Monday, 22 May 2017

High-earning tenants forced to declare income

High-earning social tenants are to be legally obliged to declare their income under plans to force households that earn more than £60,000 to pay market rent.

Plans set out by the Communities and Local Government department last week state the government will enshrine in law that the onus is on tenants who earn above the threshold to reveal their earnings ‘to ensure they are making a fairer contribution’.

The CLG’s response to a consultation on the ‘pay to stay’ plans confirms the government wants to press ahead with the controversial scheme, and that £60,000 will be the cut-off point. This was announced in this year’s Budget, but no further detail was released at the time.

Sixty-thousand pounds is the lowest of the three limits set out by the government in its consultation on pay to stay, which ran in June and July last year.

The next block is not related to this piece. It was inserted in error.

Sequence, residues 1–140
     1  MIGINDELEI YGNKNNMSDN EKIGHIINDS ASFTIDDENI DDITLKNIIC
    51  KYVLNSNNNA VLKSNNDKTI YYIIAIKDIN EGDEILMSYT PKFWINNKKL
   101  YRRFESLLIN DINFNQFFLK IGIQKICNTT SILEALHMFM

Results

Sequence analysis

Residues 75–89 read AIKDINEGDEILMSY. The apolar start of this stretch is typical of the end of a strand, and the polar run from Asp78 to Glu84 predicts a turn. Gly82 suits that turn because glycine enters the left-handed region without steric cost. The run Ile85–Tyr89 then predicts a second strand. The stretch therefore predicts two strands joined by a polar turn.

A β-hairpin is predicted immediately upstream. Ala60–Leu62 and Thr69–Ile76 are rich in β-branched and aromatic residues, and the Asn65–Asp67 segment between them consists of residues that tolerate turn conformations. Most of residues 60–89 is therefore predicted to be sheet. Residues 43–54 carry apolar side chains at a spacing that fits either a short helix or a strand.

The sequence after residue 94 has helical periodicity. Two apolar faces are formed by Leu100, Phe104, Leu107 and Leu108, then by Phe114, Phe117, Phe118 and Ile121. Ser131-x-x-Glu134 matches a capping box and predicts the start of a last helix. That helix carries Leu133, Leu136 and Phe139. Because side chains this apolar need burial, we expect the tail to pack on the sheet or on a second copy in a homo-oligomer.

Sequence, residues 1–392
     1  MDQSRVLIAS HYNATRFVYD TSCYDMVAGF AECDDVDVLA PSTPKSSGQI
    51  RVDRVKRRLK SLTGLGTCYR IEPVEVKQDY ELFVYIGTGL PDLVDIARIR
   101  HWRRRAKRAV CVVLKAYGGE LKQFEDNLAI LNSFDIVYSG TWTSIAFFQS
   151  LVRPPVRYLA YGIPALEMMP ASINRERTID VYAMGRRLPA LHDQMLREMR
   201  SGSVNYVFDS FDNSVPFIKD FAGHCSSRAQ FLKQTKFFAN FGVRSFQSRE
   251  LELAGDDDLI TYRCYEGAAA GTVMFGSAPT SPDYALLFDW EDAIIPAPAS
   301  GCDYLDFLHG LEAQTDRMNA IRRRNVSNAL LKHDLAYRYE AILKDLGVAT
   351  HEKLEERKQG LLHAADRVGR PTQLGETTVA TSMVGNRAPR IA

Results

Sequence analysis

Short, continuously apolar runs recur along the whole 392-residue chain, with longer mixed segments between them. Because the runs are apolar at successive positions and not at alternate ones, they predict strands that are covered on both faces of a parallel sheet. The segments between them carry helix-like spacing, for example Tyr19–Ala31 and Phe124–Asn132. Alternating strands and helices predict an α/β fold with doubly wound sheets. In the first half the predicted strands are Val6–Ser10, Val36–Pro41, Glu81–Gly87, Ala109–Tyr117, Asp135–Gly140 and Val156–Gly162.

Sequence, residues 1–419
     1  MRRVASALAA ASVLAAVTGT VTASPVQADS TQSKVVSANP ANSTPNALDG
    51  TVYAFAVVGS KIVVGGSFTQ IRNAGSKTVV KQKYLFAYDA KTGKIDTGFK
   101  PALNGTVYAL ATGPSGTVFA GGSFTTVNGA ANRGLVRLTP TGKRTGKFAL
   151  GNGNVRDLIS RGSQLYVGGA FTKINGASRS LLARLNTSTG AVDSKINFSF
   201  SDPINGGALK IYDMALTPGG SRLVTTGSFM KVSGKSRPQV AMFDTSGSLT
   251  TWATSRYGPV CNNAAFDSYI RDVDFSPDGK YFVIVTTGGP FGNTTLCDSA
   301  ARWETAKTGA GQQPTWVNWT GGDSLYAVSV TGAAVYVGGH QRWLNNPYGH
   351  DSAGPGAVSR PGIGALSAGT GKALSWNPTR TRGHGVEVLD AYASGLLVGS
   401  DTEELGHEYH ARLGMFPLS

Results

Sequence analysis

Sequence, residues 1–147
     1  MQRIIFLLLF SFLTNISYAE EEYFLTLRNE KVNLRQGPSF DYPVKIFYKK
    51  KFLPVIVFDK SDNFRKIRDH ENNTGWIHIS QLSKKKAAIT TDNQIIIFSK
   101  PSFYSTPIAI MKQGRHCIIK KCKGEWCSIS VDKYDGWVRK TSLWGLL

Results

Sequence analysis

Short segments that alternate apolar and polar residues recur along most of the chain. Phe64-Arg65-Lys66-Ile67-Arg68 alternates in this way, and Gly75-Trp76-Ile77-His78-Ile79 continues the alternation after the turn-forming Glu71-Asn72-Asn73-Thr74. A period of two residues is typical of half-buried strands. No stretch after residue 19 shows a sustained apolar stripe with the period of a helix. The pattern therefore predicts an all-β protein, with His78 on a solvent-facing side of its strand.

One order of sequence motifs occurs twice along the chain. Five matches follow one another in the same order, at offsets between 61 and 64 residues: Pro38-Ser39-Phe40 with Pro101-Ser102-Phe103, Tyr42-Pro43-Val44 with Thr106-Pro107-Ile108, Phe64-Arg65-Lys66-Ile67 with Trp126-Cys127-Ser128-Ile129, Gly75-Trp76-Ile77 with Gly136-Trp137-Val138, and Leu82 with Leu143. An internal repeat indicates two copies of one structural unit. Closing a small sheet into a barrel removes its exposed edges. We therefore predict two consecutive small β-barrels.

A summary of the consultation responses, which were published by the CLG last week, show one third of the 155 respondents ‘had some practical concerns’ and more than a third were opposed to the move.

In its response the department said: ‘We have carefully considered responses to this consultation, and we recognise that there are some specific issues to be addressed in implementing the policy, such as how income is to be defined.’ It said it will provide further details on the intended policy in a forthcoming consultation.

Social landlords will be expected to use the extra money made from the policy to fund new affordable housing.

Responses were received from a range of organisations including councils, arm’s-length management organisations, housing associations and tenants’ and residents’ organisations.

About a third of respondents thought the £60,000 threshold was appropriate, a smaller proportion thought £80,000 should be the minimum and the least number favoured a £100,000 threshold. A ‘significant number’ also felt the threshold should be a more nuanced, taking into account factors such as local affordability, average earnings and household and property size.

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